The third of Tiger’s Hidden Depths events, following editions dedicated to Ninja Tune and Hyperdub, focusses on drum ‘n bass institution Hospital Records.
Presented in association with FACT and Black Atlantic, the Hidden Depths of Hospital party will take place at London’s XOYO club on Wednesday 25 July. Headlining is Photek – playing a Modus Operandi set based around his game-changing debut album of 1997. One of the most influential and satisfying full-lengths ever to have come out of jungle, we’re literally drooling at the prospect of Rupert Parkes revisiting it. He’ll be joined by some of the biggest names in d’n’b, as befits a label that’s been at the top of its game for over fifteen years: High Contrast, Fred V & Grafix, MC Wrec, Landslide, Swell Session, Other Echoes and Hospital co-founder Chris Goss. More info here.
FACT recently paid a visit to Hospital HQ to talk to Goss and his compadre Tony Colman (aka London Elektricity) about the mid-90s origins of the label – a time of near-death experiences, acid jazz, silly names and broken promises.
“We did release some shocking records as well as some good ones. But that’s how you learn.”
Tony Colman: “We don’t want to work together! We never did and we still don’t…let’s get that straight from the start [laughs]. Honestly, it’s such a long time ago, it’s getting on for 20 years ago. I’d been doing another label on my own, and I met Chris because he designed a flyer for me for a gig at Ronnie Scott’s. I had a kind of acid jazzy band called Izit at the time, who were doing marginally well in Japan. I liked Chris and I said, do you want to come and run the label [Tongue & Groove] with me?
Chris Goss: “I knew Izit, I had a few records of theirs in my collection, I’d been DJing since college. But I wanted to be a graphic designer…I was doing loads of graphic design work for nothing, but thinking i was really smashing it! [laughs] I was working at Soul Jazz Records in Soho for two days a week which I was really loving, and I was just enjoying being in London. The last thing that I expected was for to Tony to want me to come and work with him on a record label, so it kind of blew my mind a bit… then I just figured, well, why not? There’s nothing to lose. I’m clearly not going to make any money working with Tony and I’m not making any money as it is, so…. [laughs]. It looked like it would be really chaotic and fun, and thankfully that’s how it turned out.”
T: “I remember shortly after you joined, we landed a really big deal for Izit in Japan – we got about £100, 000 from it, and we bought the most expensive Apple Mac for you [Chris] – which was probably 128kb memory in total, but cost £6500…and that was maxed, one of those beige Apples, 18 years ago.”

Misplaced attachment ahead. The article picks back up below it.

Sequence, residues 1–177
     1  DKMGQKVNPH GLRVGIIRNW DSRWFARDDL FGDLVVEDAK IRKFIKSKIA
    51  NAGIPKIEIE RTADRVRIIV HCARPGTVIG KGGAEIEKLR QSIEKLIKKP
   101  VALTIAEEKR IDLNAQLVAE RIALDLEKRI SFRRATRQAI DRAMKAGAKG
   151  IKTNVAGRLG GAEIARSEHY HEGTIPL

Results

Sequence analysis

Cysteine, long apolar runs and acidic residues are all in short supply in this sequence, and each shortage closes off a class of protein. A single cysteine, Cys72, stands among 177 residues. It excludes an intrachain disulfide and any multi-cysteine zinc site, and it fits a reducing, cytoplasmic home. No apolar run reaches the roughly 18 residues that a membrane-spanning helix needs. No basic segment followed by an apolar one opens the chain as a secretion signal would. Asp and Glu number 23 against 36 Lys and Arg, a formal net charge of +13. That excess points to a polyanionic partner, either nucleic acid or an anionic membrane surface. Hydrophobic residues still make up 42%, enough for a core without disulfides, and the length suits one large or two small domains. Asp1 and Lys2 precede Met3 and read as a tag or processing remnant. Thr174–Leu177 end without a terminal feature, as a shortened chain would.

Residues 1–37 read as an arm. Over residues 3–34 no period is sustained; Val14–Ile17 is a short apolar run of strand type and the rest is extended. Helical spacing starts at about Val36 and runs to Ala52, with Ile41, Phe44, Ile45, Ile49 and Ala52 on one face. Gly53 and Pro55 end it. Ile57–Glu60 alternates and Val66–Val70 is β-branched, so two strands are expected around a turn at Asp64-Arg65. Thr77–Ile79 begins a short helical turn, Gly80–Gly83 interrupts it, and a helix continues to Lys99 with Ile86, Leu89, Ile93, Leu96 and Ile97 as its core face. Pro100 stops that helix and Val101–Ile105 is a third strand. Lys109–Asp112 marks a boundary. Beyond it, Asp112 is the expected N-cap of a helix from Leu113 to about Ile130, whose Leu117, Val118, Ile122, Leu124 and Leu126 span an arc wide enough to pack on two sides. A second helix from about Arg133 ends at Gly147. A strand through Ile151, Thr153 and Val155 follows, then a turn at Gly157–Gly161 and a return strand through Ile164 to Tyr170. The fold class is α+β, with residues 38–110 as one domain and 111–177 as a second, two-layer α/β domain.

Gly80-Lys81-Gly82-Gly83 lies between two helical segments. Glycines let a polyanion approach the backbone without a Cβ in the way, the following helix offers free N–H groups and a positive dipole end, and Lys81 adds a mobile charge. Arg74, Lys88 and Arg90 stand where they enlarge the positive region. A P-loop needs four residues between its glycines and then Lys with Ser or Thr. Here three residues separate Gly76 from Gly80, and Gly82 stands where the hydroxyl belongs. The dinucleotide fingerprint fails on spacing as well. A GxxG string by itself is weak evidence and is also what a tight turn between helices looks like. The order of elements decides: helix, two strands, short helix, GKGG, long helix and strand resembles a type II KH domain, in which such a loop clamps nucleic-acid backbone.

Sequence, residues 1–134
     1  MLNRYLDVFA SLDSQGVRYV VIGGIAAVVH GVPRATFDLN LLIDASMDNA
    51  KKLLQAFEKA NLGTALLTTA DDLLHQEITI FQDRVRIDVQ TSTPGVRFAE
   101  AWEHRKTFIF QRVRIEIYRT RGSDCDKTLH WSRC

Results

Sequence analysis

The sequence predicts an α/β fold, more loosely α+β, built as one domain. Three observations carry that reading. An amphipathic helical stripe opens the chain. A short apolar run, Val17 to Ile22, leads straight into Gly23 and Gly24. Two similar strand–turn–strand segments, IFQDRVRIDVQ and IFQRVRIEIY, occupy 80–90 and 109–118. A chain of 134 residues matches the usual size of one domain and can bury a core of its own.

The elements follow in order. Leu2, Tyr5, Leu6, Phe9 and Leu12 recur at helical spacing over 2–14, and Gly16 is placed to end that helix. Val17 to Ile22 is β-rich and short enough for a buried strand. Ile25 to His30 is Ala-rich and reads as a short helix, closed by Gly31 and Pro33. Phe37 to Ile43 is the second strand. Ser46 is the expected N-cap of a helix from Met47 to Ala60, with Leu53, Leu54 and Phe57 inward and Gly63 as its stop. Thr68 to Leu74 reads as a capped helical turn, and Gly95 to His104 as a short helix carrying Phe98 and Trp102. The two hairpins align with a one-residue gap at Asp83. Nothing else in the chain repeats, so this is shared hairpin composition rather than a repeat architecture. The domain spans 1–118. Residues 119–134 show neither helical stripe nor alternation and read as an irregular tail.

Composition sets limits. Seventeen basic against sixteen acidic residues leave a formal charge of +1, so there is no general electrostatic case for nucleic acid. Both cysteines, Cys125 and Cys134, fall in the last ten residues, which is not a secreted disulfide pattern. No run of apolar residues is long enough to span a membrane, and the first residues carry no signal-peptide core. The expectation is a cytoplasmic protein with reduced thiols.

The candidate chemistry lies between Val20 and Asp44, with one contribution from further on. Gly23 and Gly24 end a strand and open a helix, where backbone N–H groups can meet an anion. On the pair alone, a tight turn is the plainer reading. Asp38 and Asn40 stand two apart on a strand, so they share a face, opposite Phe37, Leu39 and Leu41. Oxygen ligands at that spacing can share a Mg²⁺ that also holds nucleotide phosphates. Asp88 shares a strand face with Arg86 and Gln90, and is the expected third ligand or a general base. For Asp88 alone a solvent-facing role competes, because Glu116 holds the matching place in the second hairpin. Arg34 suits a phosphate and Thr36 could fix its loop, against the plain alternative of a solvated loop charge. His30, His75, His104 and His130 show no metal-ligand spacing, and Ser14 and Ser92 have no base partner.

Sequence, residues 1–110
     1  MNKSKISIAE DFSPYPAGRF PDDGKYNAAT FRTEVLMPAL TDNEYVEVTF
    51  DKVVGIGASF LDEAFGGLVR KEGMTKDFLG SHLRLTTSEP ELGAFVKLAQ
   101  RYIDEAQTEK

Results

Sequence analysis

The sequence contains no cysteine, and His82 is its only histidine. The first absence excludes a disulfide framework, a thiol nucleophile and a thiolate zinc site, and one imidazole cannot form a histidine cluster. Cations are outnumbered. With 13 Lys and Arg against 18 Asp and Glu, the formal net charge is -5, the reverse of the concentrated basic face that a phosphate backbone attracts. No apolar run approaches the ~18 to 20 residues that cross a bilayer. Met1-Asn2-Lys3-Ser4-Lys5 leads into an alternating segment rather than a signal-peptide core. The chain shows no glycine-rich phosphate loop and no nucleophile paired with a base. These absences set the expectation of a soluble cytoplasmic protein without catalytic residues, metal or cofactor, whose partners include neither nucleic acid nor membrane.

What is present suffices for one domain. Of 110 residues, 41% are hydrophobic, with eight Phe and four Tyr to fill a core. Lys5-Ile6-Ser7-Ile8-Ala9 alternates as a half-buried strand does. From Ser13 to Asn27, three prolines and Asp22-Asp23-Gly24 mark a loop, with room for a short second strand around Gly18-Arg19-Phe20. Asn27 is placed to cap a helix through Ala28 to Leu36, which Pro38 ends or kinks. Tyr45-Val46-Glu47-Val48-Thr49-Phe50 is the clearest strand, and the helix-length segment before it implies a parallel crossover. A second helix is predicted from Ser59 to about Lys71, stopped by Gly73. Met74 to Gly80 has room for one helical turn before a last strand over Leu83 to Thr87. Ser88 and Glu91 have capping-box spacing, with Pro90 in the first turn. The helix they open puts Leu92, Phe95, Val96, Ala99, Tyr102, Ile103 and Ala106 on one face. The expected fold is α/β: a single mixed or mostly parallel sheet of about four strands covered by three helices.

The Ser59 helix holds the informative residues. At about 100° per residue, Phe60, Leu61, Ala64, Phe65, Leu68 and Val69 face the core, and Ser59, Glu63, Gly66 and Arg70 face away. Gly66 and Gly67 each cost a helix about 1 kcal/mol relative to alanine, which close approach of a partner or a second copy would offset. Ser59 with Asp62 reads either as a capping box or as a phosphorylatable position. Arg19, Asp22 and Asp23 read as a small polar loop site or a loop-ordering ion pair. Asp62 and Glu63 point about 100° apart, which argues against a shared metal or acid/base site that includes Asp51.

C: “And you feel like you’ve really arrived…check us out…look at that [laughs].”
T: “I remember the RAM we put in it cost about three grand and it wasn’t until you [Chris] upgraded to the next Mac that you realised that in order to actually use the extra RAM, you had to allocate it in the Mac…[laughs]. Those were the days, Mac geeks…”
C: “So we worked together on this Tongue & Groove label that Tony had started it. Tony’s band, Izit, had signed this deal in Japan which was quite a massive deal to us, a huge amount of money, with huge promotion and marketing. We went over to Japan in ’95, it was the first time that either of us had been. We had this tour stopping of in eight different cities and it was incredible…and then soon after that the label folded.”
C: “There was this period – this three years between early ’93 and ’96 – where a lot happened.”
T: “I know. Though at the time it seemed like it dragged on forever…”
C: “We had some massive highs, and some huge lows and then…”
T: Three years now seems like nothing, but back then it was everything.”
C: “With Tongue & Groove I guess we were aspiring to be like labels like Ninja or Dorado or Talkin’ Loud, who were friends of ours and some of some of the leading labels at the time…”
“I went to Morocco and caught some mystery virus and nearly died…”
T: “…and Acid Jazz, who started the Blue Note.”
C: “Yeah, and Izit were doing really well, but we just couldn’t really make it work as a label. We worked with some other amazing artists -”
T: “- and some crap artists as well, it has to be said [laughs]. We did release some shocking records as well as some good ones. But that’s how you learn – if you want to do it properly you’ve got to have a trial run. And Tongue & Groove was definitely our trial run for Hospital.
C: “It did mean that we stopped Tongue & Groove and had to let go of the artists and two staff that we were working with, and there was a fair amount of soul-searching for me and Tony. I myself had a massive crisis of confidence – because on the one hand you’ve got a record deal in Japan and you go there and you’re treated like stars, and then you come back to Tottenham and it’s properly the other side of the coin, and you realise that actually a lot of other things really aren’t going all that well.
T: “Yeah, it was hardcore.”
C: “We were both doing lots of other work on the side, whether it was doing corporate music or working in a record store or whatever, all sorts of bits and pieces to pay the rent.”
T: “I went to Morocco and walked up the Atlas Mountains and caught some mystery virus and nearly died…”
T: …but I found myself in the process. [laughs]. And then we changed our names: I was Pondlife and he was Goose.”
C: “All these great ideas that you have down the pub in Hammersmith late at night…”
T: “And one of those great ideas was calling the new label Hospital. Who knew it would work as well as it did?”